India currently features among the top two investment destinations globally, and the momentum needs to be maintained, Naina Lal Kidwai, former president, Ficci and country head and CEO, HSBC India, told HT in an interview. Excerpts.
The NDA government is a year old. How do you rate its performance?
I believe what we have is a pretty decent report card. On the global stage India features among the top two. One year is too short to brand India as an attractive investment destination, but the build-up has happened and now we need to maintain it. To improve the ease of doing business, states must also chip in and respond.
What should be the focus now?
The goods and services tax (GST) is critical, and we hope to get it approved. It pushes our GDP. The focus has to be on sectors such as infrastructure and services. For example, look at tourism. Why are we not having more tourists? Where are the Chinese tourists who are traveling around the world? Why are they not coming to India? Water management is also another critical area. We have rivers all across the country but India is shamefully mismanaged when it comes to water — whether it is for drinking or irrigation.
Which are the areas that have been addressed?
Fuel subsidy has been handled well but we need to manage it even better. We need to tax bad fuel. Pollution needs to be addressed. The cost of pollution could be really high, and when you handle this you get a clean environment, which in turn helps us in leading a disease-free life. Swachh Bharat Abhiyan is one of the best programmes. It will lead to a more healthy and effective workforce. To make the programme a success, it is important to engage local communities and non-governmental organisations.
Credit demand is still weak and interest rates are high. Why is it so considering that inflation is down?
Industry needs low interest rates. The Reserve Bank of India did cut (policy) rates but the transmission from banks is yet to happen. As long as the level of non-performing assets is high, it would be a little difficult. Interest rates depend on multiple functions. Now to ensure that in a systemic manner, we need to look at our bankruptcy laws. Before a company gets into the ICU, you need to address the situation. Satyam case is an ideal model. Because the government acted so swiftly and it was such a co-ordinated effort, we retrieved the situation in a commendable manner. But it is not possible to do so for every company – small, medium and big, so we need a proper mechanism in place including revisiting the SARFAESI (The Securitisation and Reconstruction of Financial Assets and Enforcement of Security Interest) Act.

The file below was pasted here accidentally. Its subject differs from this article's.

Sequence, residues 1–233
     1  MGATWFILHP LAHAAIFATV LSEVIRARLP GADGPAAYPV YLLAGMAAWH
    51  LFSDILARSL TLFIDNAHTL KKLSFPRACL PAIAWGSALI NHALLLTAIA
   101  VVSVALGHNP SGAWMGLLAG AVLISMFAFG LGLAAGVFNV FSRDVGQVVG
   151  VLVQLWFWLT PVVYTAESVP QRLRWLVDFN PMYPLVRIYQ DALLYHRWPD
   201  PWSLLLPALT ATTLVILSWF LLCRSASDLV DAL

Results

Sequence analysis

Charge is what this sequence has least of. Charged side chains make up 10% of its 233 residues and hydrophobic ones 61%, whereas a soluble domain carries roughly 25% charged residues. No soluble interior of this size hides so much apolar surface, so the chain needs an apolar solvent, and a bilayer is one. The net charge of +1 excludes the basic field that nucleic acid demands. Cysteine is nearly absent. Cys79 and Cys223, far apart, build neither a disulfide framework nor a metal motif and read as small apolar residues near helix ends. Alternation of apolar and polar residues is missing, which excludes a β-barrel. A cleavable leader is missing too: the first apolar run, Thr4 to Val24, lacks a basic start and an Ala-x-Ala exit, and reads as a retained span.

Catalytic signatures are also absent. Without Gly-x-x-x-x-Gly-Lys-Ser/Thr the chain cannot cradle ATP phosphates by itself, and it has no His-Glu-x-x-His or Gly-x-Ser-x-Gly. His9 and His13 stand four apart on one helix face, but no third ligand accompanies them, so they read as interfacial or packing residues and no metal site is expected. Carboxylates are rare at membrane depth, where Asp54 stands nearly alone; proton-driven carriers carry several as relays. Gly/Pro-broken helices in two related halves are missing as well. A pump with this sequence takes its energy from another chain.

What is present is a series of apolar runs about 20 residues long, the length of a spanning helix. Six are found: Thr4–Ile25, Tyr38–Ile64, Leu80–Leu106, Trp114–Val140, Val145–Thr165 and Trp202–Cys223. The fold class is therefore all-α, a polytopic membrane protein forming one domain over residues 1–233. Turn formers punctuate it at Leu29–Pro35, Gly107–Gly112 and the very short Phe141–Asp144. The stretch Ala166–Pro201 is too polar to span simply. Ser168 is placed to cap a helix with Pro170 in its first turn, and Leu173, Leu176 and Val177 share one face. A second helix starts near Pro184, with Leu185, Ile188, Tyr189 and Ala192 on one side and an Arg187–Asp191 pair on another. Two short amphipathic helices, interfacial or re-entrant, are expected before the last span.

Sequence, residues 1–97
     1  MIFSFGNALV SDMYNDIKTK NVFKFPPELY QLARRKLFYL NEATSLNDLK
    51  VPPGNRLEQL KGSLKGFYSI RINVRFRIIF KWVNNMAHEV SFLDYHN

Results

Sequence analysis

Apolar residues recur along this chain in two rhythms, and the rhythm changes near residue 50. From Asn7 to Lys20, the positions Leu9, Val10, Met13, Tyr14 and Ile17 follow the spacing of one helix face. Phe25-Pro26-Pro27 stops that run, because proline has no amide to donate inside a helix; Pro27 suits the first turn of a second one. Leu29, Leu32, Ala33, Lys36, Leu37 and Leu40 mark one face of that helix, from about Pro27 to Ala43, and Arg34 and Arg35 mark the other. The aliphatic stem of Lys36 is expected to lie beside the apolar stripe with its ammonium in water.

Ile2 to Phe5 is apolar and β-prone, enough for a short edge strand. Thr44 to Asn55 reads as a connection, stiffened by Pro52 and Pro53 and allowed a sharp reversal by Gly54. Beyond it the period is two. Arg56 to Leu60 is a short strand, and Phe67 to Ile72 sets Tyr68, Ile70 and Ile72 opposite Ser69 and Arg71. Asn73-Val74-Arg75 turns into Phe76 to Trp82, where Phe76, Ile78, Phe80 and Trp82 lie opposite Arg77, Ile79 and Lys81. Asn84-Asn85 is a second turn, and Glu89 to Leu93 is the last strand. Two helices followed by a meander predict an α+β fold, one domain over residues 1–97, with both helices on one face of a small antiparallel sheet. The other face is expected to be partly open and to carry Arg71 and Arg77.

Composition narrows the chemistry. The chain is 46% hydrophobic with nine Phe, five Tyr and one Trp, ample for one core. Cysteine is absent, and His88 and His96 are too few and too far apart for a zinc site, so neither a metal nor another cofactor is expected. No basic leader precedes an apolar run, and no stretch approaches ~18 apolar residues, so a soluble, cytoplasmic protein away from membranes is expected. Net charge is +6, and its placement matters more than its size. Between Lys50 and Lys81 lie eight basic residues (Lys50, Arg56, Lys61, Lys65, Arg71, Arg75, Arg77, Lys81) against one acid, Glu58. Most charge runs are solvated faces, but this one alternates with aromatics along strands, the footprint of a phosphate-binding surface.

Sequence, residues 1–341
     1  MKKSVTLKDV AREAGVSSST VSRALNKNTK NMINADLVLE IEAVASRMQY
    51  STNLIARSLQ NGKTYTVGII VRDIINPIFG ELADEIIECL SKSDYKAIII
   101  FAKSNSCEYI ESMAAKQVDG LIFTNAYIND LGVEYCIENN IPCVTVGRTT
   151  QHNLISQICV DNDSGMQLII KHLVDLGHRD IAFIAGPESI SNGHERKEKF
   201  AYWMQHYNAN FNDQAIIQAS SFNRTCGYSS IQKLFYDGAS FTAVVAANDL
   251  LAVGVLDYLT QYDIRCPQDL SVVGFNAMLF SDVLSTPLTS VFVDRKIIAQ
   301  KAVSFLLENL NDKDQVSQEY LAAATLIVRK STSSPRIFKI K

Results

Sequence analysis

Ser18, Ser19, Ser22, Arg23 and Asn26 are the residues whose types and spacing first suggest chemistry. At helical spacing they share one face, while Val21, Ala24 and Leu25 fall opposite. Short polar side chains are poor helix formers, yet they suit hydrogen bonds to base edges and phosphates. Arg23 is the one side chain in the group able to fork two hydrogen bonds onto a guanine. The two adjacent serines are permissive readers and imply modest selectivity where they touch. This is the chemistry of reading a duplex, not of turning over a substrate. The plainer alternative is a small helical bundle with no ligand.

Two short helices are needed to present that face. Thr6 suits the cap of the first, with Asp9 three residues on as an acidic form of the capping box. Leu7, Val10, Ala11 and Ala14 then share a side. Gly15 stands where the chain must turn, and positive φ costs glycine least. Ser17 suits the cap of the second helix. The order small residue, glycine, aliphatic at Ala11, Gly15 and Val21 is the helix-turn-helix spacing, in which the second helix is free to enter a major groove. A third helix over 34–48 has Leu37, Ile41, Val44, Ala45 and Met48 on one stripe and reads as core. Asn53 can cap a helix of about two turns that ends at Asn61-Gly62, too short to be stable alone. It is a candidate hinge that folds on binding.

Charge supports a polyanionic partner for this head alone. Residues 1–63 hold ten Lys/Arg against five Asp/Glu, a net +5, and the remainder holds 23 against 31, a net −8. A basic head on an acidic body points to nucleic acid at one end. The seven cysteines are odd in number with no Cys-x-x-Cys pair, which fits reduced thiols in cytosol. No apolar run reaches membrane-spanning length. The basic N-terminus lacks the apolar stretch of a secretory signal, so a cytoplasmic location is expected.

The Opposition has called the government pro industry, especially on the issue of the land acquisition bill. How important is that for growth?
The bill is a very difficult bill. The industry does not get land very easily or at a throw-away price. It is not pro-industry.
Several listed companies are placing family members on board just to comply with the norm of having atleast one female director. Do you think it defeats the purpose?
Even if a women (from the family of the promoters) comes forth and takes a position on the board, it is better than having no women representation.
What initiatives are you taking to promote women in the workforce?
We, at Ficci, have already trained 50 women who could take board position as independent directors for mid-sized firms. It is an on going process.